The DWP has rejected the idea that disabled claimants have incurred additional costs during the pandemic, despite mounting evidence, and has refused to name a date when a long overdue report into the link between government policy and foodbank use will be published.
A report, Pandemic Poverty, released this month by the Disability Benefits Consortium (DBC) found that:
- 82% of disabled claimants have had to spend more money than they normally would during the pandemic.
- This is most commonly due to greater food shopping and utility bills, as over half (54% and 53%) of disabled claimants said these costs had increased significantly.
- As a result of these increased costs, two thirds (67%) of disabled claimants have had to go without essential items at some point during the pandemic.
- Almost half (44%) of disabled claimants are reporting being unable to meet financial commitments such as rent and household bills.
The DBC recommend that:
- The £20 per week increase to be extended to legacy and similar benefits (and backdated to April 2020).
- The £20 uplift to universal credit (UC) be also renewed in 2021-2, above the normal inflation uprating.
Meanwhile, a separate report by the Trussell Trust, Dignity or Destitution, is also calling on the government to keep the £20 uplift when it is reviewed next month.
Research conducted by YouGov on behalf of the Trussell Trust finds 41% of people claiming Universal Credit – representing more than 2.4m people across the UK – fear they will be very likely to cut back on food for themselves if the planned cut goes ahead in April.
13% of parents surveyed – representing more than 220,000 families – think they would be very likely to cut back on food for their children, meaning they simply would not have enough money to cover the basics.
The report forecasts an increase in the need for food banks amongst people claiming UC with 20% of people on UC -representing 1.2 million people – saying they would ‘very likely’ turn to a food bank for help with £20 less a week.
Emma Revie, chief executive at the Trussell Trust, said:
“The £20 increase to Universal Credit introduced at the start of the pandemic has been vital in protecting tens of thousands of people from being swept into serious financial hardship. This survey reveals the shocking consequences of what lies ahead if this lifeline is cut in April. This isn’t right. No one should have to suffer the indignity of relying on emergency food. It’s clear that action is needed to ensure our benefits system provides people with enough money to cover the essentials. That’s why we’re insisting the government turns this situation around. Keeping the £20 Universal Credit uplift, and extending it to legacy benefits, will provide an anchor from poverty for people who need it most.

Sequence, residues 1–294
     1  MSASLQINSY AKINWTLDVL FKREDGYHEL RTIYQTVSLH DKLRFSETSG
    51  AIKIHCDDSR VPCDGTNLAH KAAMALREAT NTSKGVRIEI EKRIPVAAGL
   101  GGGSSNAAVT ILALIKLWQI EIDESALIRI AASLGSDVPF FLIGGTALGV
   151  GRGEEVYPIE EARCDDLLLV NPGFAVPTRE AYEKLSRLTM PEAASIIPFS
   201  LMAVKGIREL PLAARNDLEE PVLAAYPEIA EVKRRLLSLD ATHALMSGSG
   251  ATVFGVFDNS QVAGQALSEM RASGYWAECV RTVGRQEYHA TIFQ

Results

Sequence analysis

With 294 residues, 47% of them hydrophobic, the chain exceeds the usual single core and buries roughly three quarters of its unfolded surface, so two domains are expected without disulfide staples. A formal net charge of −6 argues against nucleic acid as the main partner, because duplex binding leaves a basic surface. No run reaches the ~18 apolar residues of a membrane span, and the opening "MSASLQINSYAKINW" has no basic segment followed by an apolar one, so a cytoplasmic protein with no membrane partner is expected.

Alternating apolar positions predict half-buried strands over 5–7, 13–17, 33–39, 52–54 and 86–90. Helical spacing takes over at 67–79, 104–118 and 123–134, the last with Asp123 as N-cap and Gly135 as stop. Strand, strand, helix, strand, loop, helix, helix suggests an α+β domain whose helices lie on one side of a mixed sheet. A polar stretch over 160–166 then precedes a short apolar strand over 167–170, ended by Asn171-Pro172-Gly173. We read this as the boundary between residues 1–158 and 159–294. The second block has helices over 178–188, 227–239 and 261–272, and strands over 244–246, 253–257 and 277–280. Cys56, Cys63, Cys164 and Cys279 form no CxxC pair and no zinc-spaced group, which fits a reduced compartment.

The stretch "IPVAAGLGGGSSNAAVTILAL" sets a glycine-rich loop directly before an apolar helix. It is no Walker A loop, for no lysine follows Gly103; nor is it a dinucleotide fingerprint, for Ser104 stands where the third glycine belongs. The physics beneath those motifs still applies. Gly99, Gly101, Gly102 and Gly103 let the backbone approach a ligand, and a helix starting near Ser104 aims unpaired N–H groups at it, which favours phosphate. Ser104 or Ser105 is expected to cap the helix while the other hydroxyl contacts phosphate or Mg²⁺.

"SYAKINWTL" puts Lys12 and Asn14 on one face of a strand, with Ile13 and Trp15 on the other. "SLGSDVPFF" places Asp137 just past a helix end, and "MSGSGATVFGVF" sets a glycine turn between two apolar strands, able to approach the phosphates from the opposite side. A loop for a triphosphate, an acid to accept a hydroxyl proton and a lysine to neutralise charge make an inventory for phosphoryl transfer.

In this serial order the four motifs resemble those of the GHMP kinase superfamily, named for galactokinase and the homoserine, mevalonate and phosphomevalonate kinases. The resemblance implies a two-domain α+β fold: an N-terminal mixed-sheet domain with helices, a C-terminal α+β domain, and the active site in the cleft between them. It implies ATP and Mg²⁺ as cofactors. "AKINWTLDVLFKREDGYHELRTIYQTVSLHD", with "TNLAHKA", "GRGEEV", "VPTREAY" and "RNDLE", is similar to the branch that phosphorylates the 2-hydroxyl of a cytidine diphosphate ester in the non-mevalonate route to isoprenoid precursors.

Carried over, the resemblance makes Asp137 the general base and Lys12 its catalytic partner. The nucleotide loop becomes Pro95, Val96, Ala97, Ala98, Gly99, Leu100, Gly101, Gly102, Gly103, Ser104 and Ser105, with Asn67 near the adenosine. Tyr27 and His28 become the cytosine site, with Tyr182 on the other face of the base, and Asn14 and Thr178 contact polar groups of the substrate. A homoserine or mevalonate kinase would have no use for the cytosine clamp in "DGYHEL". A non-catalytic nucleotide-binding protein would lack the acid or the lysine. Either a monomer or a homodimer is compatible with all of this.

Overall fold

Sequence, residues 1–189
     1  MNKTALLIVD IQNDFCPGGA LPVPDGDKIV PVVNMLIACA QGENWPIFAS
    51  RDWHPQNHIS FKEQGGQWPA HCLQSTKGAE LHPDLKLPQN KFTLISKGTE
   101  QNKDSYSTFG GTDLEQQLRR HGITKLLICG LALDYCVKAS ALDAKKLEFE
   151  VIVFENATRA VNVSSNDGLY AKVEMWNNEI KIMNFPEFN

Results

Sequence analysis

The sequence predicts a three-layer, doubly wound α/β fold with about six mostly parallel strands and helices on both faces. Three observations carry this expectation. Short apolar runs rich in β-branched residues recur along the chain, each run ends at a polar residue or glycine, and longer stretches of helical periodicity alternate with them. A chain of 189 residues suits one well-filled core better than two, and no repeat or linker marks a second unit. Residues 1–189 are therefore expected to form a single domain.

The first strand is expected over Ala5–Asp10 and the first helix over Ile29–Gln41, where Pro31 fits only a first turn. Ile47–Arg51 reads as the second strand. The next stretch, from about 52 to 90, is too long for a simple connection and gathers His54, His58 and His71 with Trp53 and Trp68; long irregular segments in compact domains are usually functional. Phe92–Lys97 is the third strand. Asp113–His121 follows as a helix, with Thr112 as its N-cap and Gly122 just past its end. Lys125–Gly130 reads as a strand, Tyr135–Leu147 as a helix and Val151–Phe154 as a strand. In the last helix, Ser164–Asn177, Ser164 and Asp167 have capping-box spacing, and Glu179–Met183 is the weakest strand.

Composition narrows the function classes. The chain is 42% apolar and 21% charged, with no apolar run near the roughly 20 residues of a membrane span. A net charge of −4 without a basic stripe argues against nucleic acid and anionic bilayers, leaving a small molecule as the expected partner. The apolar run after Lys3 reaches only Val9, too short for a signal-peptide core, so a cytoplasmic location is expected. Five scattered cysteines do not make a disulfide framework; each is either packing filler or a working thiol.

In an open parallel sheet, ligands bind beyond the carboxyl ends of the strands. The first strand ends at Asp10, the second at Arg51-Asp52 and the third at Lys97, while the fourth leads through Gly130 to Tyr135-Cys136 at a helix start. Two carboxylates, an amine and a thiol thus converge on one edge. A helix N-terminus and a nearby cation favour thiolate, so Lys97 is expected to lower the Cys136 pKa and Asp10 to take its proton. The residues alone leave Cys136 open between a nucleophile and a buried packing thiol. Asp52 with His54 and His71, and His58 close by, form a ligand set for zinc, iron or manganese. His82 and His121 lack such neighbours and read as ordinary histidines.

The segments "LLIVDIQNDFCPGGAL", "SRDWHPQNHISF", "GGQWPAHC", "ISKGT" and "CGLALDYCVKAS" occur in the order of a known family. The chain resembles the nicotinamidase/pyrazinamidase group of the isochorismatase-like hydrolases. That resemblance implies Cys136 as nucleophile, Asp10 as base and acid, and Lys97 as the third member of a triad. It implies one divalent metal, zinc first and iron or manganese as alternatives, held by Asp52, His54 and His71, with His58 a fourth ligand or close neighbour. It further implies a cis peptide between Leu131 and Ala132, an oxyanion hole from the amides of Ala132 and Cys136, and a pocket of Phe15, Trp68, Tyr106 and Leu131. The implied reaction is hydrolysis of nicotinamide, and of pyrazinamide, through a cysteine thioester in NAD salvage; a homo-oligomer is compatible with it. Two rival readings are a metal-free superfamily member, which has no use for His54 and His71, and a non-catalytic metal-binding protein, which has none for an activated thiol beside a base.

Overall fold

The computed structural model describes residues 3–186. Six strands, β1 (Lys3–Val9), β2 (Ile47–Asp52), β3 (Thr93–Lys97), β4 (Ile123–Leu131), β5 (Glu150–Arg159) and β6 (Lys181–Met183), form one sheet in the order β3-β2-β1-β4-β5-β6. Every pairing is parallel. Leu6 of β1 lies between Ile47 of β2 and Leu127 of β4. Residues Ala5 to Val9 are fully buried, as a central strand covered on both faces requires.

The chances of the DWP increasing payments to legacy benefits claimants, seems slim, however.
When it was pointed out to DWP secretary of state, Therese Coffey, during a meeting of the Work and Pensions Committee last week that disabled people have borne higher costs during the pandemic, but those on ESA and JSA have not had any extra help at all, Coffey replied dismissively:
“I would not say they have been treated badly . . . I am not aware specifically of extra costs that would have been unduly incurred”
Coffey also refused to say when a report into how government policy contributes to foodbank demand would be published. It was due out in September 2019, but has been supressed ever since. Coffey’s only response was to say that:
“I do not have a specific answer on that single report, but if they are contributing to policy formation we will still have them under review.”
Coffey’s utter indifference to the plight of disabled claimants suggests there is little prospect of legacy benefit claimants receiving any additional help, without a huge surge of pressure being placed upon the government